Survival of beetle species threatened by loss of old trees
The loss of ancient and veteran trees is the main driver for 18% of wood-dependent beetles facing extinction threat, experts said.
Almost a fifth of Europe’s wood-dependent beetles are at risk of extinction as a result of ongoing losses of large old trees, conservationists have warned.
Saproxylic beetles depend on dead and decaying wood for at least a part of their life cycle and are important for recycling nutrients, as a food source for birds and mammals – and some are even involved in pollination.
A study by the International Union for Conservation of Nature (IUCN) of how almost 700 species of the beetles were doing in Europe, including the UK, found 18% of them are at risk of extinction.
Because they are reliant on dead and dying wood, the main driver of their declines is the loss of trees.
Loss of ancient and veteran trees, degraded landscapes that do not encourage tree growth and indiscriminate felling for spurious health and safety reasons all contribute to a loss of habitat for saproxylic beetles, the IUCN said.
But some progress has been made in the forestry sector – and the importance of deadwood is being increasingly acknowledged in some countries, the conservation group said.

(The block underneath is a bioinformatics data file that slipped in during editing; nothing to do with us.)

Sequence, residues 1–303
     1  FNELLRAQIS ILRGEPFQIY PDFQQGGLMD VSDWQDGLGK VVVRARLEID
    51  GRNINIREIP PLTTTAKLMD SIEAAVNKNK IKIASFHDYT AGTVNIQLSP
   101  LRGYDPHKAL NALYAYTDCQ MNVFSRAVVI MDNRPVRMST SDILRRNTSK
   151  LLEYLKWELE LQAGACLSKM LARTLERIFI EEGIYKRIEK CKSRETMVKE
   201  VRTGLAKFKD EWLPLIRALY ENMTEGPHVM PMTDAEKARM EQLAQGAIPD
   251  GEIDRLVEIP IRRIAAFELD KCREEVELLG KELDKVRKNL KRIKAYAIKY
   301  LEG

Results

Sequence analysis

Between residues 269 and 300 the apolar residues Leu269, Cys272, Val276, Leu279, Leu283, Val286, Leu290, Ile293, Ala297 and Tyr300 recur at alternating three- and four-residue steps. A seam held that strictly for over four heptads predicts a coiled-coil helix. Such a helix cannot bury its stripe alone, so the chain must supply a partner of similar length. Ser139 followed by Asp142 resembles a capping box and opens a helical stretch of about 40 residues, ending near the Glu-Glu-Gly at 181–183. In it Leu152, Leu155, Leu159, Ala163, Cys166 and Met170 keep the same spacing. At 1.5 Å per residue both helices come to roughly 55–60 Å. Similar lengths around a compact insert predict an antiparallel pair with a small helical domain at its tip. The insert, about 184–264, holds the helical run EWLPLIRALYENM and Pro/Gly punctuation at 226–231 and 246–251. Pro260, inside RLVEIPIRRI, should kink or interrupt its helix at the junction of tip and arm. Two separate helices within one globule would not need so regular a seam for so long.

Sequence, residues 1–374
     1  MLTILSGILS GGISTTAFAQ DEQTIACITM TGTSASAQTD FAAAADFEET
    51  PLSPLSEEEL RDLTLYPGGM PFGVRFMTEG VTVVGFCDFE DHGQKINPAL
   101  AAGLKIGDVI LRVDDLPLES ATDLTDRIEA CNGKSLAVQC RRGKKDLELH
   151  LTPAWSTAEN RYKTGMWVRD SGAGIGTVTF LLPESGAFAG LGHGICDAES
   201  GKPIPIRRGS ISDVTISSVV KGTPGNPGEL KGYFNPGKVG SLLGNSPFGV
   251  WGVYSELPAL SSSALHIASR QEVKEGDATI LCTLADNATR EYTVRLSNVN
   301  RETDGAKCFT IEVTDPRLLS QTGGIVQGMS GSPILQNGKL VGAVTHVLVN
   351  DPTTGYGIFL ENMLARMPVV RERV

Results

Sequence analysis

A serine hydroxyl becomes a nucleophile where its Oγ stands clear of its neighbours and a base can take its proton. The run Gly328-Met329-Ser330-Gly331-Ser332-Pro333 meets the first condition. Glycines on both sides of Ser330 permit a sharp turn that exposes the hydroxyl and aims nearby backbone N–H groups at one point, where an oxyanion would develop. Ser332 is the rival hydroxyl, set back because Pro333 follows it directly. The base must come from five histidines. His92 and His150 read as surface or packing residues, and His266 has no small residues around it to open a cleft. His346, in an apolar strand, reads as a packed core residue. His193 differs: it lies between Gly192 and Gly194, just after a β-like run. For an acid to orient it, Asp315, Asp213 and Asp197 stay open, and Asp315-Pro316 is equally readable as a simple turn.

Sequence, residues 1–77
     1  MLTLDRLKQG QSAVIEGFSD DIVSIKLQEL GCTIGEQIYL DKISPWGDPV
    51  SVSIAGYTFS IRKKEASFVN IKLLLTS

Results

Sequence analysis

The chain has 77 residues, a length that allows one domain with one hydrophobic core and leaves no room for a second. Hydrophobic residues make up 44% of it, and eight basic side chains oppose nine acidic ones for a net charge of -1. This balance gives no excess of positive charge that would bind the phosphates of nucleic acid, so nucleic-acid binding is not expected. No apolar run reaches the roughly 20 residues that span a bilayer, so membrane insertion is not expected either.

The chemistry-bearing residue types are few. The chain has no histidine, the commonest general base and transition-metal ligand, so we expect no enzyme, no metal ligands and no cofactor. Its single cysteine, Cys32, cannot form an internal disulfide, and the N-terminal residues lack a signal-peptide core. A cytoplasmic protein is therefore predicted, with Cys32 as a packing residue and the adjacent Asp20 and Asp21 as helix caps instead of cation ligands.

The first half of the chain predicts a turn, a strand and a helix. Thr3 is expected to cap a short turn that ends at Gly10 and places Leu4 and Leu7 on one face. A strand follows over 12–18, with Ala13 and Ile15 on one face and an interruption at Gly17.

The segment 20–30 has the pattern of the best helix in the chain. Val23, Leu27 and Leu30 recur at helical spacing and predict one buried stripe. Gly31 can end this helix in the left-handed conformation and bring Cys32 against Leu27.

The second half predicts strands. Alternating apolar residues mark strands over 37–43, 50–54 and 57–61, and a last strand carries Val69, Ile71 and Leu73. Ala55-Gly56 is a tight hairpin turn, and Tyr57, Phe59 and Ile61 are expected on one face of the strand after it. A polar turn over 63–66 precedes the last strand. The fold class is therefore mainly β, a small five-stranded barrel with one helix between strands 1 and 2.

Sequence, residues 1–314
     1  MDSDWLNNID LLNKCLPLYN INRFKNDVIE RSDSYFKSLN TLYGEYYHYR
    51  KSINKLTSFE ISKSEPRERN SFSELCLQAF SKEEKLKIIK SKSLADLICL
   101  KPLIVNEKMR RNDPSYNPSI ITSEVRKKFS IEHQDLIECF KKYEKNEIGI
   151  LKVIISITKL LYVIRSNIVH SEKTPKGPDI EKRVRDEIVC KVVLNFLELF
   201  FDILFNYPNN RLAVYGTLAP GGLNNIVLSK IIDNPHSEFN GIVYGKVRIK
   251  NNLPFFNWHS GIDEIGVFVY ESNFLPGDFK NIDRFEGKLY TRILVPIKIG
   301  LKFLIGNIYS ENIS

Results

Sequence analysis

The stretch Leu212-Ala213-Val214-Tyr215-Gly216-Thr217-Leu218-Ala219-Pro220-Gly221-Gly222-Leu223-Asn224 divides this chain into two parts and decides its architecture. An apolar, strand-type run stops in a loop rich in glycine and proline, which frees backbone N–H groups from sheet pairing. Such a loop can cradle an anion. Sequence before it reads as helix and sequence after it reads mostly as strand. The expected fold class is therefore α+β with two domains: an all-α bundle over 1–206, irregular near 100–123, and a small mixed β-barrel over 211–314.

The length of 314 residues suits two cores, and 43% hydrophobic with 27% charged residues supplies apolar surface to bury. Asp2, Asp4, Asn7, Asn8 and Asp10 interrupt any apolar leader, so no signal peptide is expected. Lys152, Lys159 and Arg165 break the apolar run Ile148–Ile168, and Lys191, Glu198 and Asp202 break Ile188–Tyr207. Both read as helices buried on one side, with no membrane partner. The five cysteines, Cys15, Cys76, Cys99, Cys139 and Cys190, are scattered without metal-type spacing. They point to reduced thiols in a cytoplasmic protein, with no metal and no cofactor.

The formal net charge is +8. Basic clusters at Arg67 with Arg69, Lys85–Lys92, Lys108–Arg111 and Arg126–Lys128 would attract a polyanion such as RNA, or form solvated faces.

Other threats to the beetles include urbanisation, tourist development and an increase in frequency and intensity of wildfires in the Mediterranean, it said.
The new European Red List of Saproxylic Beetles report found that 18% of the beetles in Europe and 22% in the EU were threatened with extinction.
Across the whole continent, five species were critically endangered, 51 were endangered and 37 vulnerable to extinction, with more than half of the species at risk found only in Europe.
Jane Smart, director of the IUCN global species programme, said: “Some beetle species require old trees that need hundreds of years to grow, so conservation efforts need to focus on long-term strategies to protect old trees across different landscapes in Europe, to ensure that the vital ecosystem services provided by these beetles continue.”